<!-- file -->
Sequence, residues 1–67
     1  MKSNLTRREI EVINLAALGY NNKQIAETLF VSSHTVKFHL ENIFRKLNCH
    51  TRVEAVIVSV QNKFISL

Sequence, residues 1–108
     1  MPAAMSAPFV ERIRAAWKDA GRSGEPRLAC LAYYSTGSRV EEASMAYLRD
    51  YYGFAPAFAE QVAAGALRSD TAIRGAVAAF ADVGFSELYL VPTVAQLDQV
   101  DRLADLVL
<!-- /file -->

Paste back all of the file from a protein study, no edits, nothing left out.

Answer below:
Sequence, residues 1–67
     1  MKSNLTRREI EVINLAALGY NNKQIAETLF VSSHTVKFHL ENIFRKLNCH
    51  TRVEAVIVSV QNKFISL

Sequence, residues 1–108
     1  MPAAMSAPFV ERIRAAWKDA GRSGEPRLAC LAYYSTGSRV EEASMAYLRD
    51  YYGFAPAFAE QVAAGALRSD TAIRGAVAAF ADVGFSELYL VPTVAQLDQV
   101  DRLADLVL